In the provincial capital of Recife, Manoel de Alves Vianna, the buyer ofthe slave Silvestre, went to court to rescind the sale because he alleged that thebondsman had long suffered from mental illness and practiced the ”vício desodomia” (vice of sodomy). The trial opened before a Municipal Judge in 1870,but the case was only concluded in 1879 in Recife’s regional Appeals Court(Tribunal de Relação).1 The slave Silvestre’s original owner was a widow, DonaAnna de Santa Ursula. The title “Dona” suggests a respectable woman of means,but the reasons she desired to sell Silvestre go unnoted. It is quite possible thatshe sought to rid herself of an irksome slave whose shaky mental health hadbecome evident. Rather than sell the slave herself in the coarse, manly worldof the slave market (where it was common to inspect a slave’s private parts),Dona Anna sold Silvestre to a slave dealer by the name of Flavio Ferreira Catãoon December 15, 1869. The legal suit began only after the slave dealer resoldSilvestre to Manoel Alves Vianna, however the legal proceedings would ultimatelylead back to Dona Anna.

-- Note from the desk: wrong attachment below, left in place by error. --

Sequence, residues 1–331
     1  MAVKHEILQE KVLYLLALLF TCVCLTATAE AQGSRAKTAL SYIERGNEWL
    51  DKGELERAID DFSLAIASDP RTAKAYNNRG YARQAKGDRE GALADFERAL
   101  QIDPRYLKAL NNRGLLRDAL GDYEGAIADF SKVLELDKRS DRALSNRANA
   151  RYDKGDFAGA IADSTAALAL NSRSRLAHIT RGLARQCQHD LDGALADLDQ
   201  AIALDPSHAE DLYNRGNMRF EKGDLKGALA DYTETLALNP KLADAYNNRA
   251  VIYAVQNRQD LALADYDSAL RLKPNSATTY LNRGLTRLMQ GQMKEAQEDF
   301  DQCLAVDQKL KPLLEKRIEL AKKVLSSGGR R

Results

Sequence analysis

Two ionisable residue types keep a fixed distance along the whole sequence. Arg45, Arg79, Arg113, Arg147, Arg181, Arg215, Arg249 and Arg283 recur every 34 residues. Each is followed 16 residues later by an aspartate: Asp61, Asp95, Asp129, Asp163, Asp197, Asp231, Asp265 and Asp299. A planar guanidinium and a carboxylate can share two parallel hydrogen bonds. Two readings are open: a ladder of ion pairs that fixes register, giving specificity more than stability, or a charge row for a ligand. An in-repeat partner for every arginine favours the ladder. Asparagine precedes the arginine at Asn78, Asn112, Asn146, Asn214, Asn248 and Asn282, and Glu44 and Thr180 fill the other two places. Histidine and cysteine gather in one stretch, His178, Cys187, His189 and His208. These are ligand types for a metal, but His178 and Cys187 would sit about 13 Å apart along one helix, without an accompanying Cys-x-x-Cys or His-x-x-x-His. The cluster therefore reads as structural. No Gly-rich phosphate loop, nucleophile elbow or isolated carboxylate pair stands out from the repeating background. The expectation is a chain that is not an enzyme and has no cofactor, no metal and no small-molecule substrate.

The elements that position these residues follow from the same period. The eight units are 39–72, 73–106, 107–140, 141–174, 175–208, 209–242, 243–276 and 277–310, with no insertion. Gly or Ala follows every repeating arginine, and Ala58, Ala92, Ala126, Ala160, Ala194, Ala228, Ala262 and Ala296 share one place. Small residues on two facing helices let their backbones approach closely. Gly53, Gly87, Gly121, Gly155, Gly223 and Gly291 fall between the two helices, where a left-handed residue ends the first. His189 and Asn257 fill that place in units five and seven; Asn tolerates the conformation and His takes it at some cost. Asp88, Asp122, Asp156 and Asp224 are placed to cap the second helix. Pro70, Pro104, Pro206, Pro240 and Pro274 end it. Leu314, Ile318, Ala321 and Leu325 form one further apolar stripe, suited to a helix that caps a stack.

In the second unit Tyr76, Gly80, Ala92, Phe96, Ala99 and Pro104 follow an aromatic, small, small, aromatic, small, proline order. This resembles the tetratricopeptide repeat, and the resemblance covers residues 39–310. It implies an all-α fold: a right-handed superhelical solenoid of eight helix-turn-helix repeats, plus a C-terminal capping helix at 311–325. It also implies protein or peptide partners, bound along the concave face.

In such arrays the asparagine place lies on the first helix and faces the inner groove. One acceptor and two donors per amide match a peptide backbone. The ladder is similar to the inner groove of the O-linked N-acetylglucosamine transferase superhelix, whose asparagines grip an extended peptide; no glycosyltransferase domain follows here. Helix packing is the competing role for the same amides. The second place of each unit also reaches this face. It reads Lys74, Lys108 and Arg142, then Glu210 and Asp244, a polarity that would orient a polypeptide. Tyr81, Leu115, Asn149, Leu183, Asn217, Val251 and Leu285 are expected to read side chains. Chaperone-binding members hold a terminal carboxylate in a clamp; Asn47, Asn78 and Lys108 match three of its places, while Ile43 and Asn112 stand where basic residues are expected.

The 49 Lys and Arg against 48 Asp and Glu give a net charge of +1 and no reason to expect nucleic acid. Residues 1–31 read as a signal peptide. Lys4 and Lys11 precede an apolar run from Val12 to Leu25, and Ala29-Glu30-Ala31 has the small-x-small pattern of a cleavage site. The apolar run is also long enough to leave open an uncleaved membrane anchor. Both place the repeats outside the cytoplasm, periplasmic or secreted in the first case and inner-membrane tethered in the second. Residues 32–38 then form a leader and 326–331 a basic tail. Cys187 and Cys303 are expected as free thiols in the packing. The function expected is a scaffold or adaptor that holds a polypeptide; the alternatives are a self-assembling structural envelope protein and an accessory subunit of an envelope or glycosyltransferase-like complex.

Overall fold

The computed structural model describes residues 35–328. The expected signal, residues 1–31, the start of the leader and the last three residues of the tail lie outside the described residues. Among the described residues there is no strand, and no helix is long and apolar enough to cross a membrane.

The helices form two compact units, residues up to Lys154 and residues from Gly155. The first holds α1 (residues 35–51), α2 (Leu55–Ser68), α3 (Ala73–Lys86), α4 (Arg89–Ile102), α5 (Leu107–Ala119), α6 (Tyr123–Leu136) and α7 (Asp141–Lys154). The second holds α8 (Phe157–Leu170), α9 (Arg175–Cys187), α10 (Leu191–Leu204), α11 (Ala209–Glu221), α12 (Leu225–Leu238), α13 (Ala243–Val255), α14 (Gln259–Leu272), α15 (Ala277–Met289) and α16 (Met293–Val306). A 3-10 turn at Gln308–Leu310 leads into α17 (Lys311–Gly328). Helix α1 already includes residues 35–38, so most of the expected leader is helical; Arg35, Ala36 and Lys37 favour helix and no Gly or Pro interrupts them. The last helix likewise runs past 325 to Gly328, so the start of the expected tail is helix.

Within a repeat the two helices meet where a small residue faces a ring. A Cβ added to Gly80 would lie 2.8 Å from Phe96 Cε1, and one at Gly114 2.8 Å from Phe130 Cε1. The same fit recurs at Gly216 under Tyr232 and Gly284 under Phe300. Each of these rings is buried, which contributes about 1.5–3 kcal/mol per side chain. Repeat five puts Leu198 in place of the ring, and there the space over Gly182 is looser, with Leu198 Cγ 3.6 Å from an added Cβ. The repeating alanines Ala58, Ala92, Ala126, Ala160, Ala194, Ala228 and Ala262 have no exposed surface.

Copyright © 2012-2013 Estudios Interdisciplinarios de América Latina y el Caribe.
Editores: Ori Preuss; Nahuel Ribke
Instituto Sverdlin de Historia y Cultura de América Latina, Escuela de Historia
Universidad de Tel Aviv, Ramat Aviv,
P.O.B. 39040 (69978), Israel.
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